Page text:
Mayor Bill de Blasio’s proposal to upzone East New York is not moving easily through the Uniform Land Use Review Procedure. On Monday, the City Council held a hearing on the controversial plan.
But where do you stand?
As city agencies and community members continue to weigh the pros and cons of the East New York rezoning plan, the New York City Department of City Planning earlier this month released the final environmental impact statement, shedding light on the proposal’s potential effects on some of the area’s most landmark-eligible structures.
A young junior architect who grew up in East New York is leading the fight to landmark more than two dozen of the neighborhood’s architectural icons.
Spurred into action by the destruction of the historic East New York Savings Bank and Mayor de Blasio’s controversial rezoning plan, Zulmilena Then founded Preserving East New York (PENY) last year. Now with six members, the fledgling organization has caught the attention of the preservation nonprofit Historic Districts Council, which named East New York one of its 2016 “Six to Celebrate” earlier this month.
Just to be clear, getting the recognition of the Historic Districts Council is like finding out you have a landmarks fairy godmother — HDC’s mission is to help out local groups like PENY, and they’ll work with developers, the Landmarks Commission, and community members to protect spaces that need it.
Brownstoner caught up with the 29-year-old to hear more about her plans to work with the Mayor’s rezoning plan — not against it — to revitalize the area while preserving its historic character.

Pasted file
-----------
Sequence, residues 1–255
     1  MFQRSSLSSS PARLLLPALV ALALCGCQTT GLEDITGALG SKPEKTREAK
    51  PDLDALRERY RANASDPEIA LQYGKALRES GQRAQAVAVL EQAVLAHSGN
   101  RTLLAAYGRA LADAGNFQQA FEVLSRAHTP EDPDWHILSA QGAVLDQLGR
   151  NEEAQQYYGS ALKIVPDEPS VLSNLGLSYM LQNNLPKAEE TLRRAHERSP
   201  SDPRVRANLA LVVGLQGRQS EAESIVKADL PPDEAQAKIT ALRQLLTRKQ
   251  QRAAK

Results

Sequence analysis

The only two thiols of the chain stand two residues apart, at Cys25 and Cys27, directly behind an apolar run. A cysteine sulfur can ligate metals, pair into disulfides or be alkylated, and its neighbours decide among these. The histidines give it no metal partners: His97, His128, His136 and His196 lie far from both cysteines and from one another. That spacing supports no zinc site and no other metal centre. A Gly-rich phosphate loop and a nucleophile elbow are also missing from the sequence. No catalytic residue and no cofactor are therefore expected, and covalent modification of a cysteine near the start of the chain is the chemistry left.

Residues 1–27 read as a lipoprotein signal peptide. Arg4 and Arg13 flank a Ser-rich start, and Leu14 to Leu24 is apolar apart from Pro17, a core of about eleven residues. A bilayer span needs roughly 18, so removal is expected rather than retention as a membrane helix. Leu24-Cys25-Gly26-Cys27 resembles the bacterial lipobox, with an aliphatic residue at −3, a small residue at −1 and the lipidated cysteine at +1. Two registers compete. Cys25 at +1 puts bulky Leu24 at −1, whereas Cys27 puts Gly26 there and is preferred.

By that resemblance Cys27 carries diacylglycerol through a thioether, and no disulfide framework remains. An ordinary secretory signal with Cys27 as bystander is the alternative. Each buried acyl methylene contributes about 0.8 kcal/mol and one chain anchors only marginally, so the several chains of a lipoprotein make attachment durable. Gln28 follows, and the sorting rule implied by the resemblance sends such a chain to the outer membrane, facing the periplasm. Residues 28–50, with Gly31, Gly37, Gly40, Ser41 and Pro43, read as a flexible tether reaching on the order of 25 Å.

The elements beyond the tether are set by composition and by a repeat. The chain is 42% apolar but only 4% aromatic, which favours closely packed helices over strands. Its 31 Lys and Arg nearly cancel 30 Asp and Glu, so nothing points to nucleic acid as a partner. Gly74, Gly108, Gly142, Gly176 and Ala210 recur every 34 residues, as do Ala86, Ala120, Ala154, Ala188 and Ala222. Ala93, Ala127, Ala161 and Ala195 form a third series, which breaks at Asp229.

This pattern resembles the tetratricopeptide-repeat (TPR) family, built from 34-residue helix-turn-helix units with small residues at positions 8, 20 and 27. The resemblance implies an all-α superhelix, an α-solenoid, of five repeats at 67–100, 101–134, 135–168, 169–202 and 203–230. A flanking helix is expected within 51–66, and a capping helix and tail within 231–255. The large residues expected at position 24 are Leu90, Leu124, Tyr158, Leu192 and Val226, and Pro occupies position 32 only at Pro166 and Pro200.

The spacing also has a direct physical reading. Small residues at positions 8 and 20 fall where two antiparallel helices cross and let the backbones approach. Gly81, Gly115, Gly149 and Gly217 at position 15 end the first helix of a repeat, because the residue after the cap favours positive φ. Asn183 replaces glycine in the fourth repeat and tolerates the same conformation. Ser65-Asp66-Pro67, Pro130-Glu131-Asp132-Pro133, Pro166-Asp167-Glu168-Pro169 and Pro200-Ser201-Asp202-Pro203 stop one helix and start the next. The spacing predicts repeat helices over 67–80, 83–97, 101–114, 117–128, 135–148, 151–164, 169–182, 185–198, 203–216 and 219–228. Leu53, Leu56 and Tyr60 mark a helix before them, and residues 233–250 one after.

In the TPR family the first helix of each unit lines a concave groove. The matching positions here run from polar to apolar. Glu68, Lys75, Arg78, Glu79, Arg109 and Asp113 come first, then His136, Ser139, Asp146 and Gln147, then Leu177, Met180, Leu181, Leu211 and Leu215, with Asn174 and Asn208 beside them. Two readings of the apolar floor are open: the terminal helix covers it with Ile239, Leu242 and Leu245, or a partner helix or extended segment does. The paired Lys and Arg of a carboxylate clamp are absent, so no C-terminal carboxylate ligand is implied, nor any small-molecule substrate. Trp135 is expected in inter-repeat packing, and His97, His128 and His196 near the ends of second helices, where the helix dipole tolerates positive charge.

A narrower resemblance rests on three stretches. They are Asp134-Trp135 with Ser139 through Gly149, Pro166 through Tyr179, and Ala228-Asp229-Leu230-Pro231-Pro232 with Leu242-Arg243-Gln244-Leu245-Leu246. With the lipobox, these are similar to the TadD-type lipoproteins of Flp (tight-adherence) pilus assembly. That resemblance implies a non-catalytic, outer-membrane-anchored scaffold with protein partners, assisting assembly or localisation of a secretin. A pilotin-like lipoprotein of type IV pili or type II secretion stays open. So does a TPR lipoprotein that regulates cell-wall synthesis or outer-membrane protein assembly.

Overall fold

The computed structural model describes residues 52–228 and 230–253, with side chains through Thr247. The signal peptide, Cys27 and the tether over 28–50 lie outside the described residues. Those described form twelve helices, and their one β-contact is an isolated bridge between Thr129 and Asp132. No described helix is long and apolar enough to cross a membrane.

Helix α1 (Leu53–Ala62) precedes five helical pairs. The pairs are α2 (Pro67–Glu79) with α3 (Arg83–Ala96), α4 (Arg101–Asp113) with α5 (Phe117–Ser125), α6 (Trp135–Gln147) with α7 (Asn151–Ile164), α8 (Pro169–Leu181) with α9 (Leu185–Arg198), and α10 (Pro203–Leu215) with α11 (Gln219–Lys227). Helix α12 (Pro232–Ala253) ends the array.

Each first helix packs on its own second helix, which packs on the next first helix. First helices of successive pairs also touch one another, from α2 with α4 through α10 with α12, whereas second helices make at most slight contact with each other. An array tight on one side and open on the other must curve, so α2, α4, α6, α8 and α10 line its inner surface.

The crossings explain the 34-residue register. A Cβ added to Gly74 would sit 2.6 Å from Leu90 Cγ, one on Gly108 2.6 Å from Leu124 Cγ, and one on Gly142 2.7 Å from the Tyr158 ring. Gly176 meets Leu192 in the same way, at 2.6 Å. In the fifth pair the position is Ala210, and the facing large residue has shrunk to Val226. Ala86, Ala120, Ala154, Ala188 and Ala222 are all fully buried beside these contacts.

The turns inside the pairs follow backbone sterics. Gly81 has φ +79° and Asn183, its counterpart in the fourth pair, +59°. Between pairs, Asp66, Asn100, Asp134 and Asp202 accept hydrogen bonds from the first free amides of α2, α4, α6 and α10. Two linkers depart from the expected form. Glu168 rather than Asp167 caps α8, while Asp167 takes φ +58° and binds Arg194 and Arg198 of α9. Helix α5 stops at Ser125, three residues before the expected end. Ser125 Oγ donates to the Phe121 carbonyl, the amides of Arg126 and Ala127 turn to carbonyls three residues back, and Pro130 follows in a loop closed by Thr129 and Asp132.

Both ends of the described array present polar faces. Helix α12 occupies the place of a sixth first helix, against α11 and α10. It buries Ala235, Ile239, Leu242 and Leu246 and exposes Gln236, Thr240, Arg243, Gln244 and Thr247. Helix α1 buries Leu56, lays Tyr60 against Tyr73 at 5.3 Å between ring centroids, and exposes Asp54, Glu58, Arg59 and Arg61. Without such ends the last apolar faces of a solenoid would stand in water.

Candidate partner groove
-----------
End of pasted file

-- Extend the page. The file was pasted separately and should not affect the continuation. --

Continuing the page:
Residents and preservationists are pushing for landmarking in two previously unprotected neighborhoods, Crown Heights South and East New York.
Just minutes before the start of a public hearing on the mayor’s East New York rezoning plan Wednesday morning, Brooklyn Borough President Eric Adams issued his vote rejecting the contentious proposal.
Brooklynites jammed Brooklyn Borough Hall on Wednesday for the City Planning Commission’s public hearing on the mayor’s controversial plan to rezone East New York.
Community Board members and residents seemed unfazed by an aggressive presence by the press
Residents and officials packed Community Board 16’s meeting space in Brownsville Monday night, October 19, for the first public hearing on Mayor de Blasio’s controversial East New York rezoning plan.
The long-awaited public hearings for the controversial East New York rezoning proposal are finally happening, and the first one takes place tonight.
Mayor de Blasio speaks about affordable housing at East New York’s Saint Rita’s Catholic Church
Mayor Bill de Blasio journeyed to East New York Sunday, October 4, to explain his affordable housing plan to residents, face to face.
Following the release Monday of a 13-page report critiquing Mayor de Blasio’s East New York rezoning plan, local coalition Real Affordablility for All held a rally in Downtown Brooklyn — a “hyper-gentrified” neighborhood, according to the organization’s press release.
After the rally, Real Affordability members and leaders headed to Lower Manhattan, where they disrupted the City Planning Commission’s hearing regarding the the rezoning process for East New York. The event’s timing purposefully coincided with today’s beginning of the public review process for the rezoning of East New York.